Equivalent French and English basic questionnaires were developed for this Eurobarometer. These questionnaires were translated into other languages by the firms responsible for interviewing in each country. Backtranslation procedures were applied for controlling semantic equivalence.


In general the Standard and Special Eurobarometer data sets provide for two types of weighting, a post-stratification sample weighting and a population size weighting.
For each sample, i.e. participating country or lower level region, a comparison between the sample composition and a proper universe description is carried out for internal weighting purposes. The universe description is made available by the National Survey Research Institutes and/or by EUROSTAT. On this basis a national weighting procedure, using marginal and intercellular weighting, is applied. As such in all countries, minimum sex, age, region NUTS II (basic regions as defined by the EUROSTAT nomenclature of territorial units for statistics), and size of locality are introduced in the iteration procedure. This post-stratification weighting is also referred to as redressement or non-response weighting. A design weight which would adjust for unequal selection probabilities (depending on the household size) is not made available.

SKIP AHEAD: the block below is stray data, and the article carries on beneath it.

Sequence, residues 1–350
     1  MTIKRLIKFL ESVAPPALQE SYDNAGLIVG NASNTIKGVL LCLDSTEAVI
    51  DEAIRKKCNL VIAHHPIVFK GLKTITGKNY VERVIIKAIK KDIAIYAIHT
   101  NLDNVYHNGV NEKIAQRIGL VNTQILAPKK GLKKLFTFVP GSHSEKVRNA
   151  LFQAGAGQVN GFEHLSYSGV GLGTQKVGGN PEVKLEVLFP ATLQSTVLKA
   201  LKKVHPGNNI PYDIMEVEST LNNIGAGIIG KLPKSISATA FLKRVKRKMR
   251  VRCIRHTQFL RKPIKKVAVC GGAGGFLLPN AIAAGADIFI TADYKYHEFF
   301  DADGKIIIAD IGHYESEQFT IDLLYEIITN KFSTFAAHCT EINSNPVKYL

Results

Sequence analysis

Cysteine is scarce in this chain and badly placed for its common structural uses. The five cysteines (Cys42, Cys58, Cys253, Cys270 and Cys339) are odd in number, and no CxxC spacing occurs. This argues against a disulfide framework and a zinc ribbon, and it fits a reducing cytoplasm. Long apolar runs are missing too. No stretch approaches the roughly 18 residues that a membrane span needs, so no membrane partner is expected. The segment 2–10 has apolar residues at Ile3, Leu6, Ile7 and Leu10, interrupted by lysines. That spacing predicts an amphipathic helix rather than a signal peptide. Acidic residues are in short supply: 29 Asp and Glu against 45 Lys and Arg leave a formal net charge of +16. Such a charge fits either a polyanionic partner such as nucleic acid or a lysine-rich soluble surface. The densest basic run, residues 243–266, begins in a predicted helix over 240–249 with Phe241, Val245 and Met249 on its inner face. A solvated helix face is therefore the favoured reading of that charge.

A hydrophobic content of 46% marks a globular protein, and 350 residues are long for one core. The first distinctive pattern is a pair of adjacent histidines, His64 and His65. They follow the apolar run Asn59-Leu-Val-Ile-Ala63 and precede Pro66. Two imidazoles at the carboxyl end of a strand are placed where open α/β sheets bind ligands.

For the descriptive analysis of individual samples or their comparison, up to six weighting variables are provided in each data set and documented as such in the variable description. Until Eurobarometer 31 the corresponding weight variable is labelled NATION WEIGHT II. Weighting factors were then not included continuously for all samples and weighting procedure might have differed from the foregoing description. While weighting usually reproduces the real number of cases for each sample, between Eurobarometer 33 and 54.1 samples can also be adjusted to their predefined standard size of exactly 1000 or 500 cases. This option was applied for the official Eurobarometer reports of the period.